I don't think anybody sees pregnancy as a torture in Westeros, by the way.

7 minutes ago, Julia H. said:

And where did I say that he was going to have a happy and united family with two queens at his side? I would appreciate if you didn't distort my arguments and didn't put words in my mouth. 

I'm saying Rhaegar would be a moron to expect that. And I actually don't think he ever expected that. I think he chose Lyanna. Rhaegar may have technically been a bigamist, but if a King Rhaegar had ever ruled then there wouldn't have been a Queen Elia, only a Queen Lyanna. Elia would have been shipped back to Dorne, or would have disappeared some other way. And her children, too, perhaps. If Lyanna had given Rhaegar sons they would have been his only heirs, not those children from the other woman. 

Favoring Aegon over any of Lyanna's sons would have poisoned his relationship with Lyanna. Just like Viserys I favoring his eldest child over his children by Alicent didn't really help their relationship, either, or did it?

7 minutes ago, Julia H. said:

There are situations where "living happily ever after" is simply not an option, yet, people still have to make choices. Actually, ASOIAF is full of such situations.

Well, sometimes it is best to do nothing, and not delude yourself that you or your children are destined to save the world.

7 minutes ago, Julia H. said:

Think what you want. I merely pointed out that it is possible that this was a concern for Rhaegar. Fertility is one of the most important qualities of a woman in a feudal society, so the possibility is totally realistic. If it were out of the question, as you seem to suggest, we probably wouldn't even know that Elia couldn't have had any more children, and certainly Jon Connington wouldn't need to recall this fact as one of the reasons why Elia "was never worthy" of Rhaegar. 

Sure, and if Rhaegar was thinking in those categories nobody would have faulted him if he had impregnated Elia a third time. Nobody faults Aegon IV for that, either. It is the duty of a wife to give her husband children, and not even King Baelor can prevent Aegon from having sex with his wife. He can send him away, but he cannot presume to come between a husband and his wife.

7 minutes ago, Julia H. said:

We don't know what exactly Rhaegar had in mind - I never said otherwise. But in world as well as in accordance with real life feudal values, what I said is definitely a possibility. You speak as though you knew Rhaegar's mind, as though you knew exactly what he must have thought and wanted, what he can't have thought or wanted. So be it. I'll keep an open mind and wait for GRRM to say the final words about Rhaegar - on this topic and on other topics. Nor will I form a definite opinion about Rhaegar's character before I know more about his actions, intentions and options. 

Well, actually, we have a pretty clear picture what he wanted to do after Aegon's birth. He wanted another son, and he did not want him from Elia. Because he may have been in love with another woman and because of prophecy stuff.

If he had been interested all that much in having children for mundane dynastic reasons one would assume he would have insisted to marry sooner - say, when he was 15-16 - or that he get a bride who was healthy and likely to be more fertile than Elia Martell.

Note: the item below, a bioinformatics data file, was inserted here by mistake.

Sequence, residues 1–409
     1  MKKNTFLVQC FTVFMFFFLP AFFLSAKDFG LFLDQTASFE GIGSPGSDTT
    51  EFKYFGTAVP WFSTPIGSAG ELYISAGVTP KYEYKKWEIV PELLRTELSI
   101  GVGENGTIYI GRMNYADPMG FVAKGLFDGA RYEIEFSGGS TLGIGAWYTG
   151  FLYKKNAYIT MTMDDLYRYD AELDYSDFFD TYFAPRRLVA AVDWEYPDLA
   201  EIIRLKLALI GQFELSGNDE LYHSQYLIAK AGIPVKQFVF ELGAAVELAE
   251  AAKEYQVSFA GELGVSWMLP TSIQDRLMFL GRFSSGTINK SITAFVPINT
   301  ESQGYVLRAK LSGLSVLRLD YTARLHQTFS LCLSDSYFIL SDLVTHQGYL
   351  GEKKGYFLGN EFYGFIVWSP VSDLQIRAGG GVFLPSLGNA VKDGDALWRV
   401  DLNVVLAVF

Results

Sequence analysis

Share this post


Link to post
Share on other sites
5 minutes ago, Lord Varys said:

<snip>

Sorry, you didn't  convince me. Your replies show that you either do not understand what I'm saying or  intentionally distort my arguments, avoid my real points and debate arguments I do not argue. You have your own picture of Rhaegar and what  he was like, which is fine. But what you suggest with so much confidence (as though ex cathedra) is by no means the only possibility - unless you are GRRM. 

Share this post


Link to post
Share on other sites
7 hours ago, Julia H. said:

certainly Jon Connington wouldn't need to recall this fact as one of the reasons why Elia "was never worthy" of Rhaegar

In fact, this is further supported by the Kevan epilogue where he thinks that Cersei would have given him the sons he wanted - not meaning that Kevan knew what was going on in Rhaegar's head but that he thought wanting more sons was the motivation behind Rhaegar's actions, and didn't think such a motivation out of place.

Share this post


Link to post
Share on other sites
12 hours ago, Julia H. said:

Sorry, you didn't  convince me. Your replies show that you either do not understand what I'm saying or  intentionally distort my arguments, avoid my real points and debate arguments I do not argue. You have your own picture of Rhaegar and what  he was like, which is fine. But what you suggest with so much confidence (as though ex cathedra) is by no means the only possibility - unless you are GRRM. 

Our entire discussion started on the basis that you claimed it makes sense that Rhaegar wanted an heir and a spare simply because of (selfish) dynastic purposes.

I say we don't know that - and we actually can never know that, because we already know that Rhaegar was involved in and obsessed with the (delusional) interpretation of and speculation about (ancient) prophecies. He grew up believing he was the promised prince, and the prophecy that he (or other children of his parents) would either be the promised prince, produce him, or children who would eventually produce clearly greatly shaped his political and personal decisions.

There is no debate about that. The vision in the House of the Undying confirms this. We cannot really reduce Rhaegar (or his parents and grandfather) to a man who only thought about mundane political matters.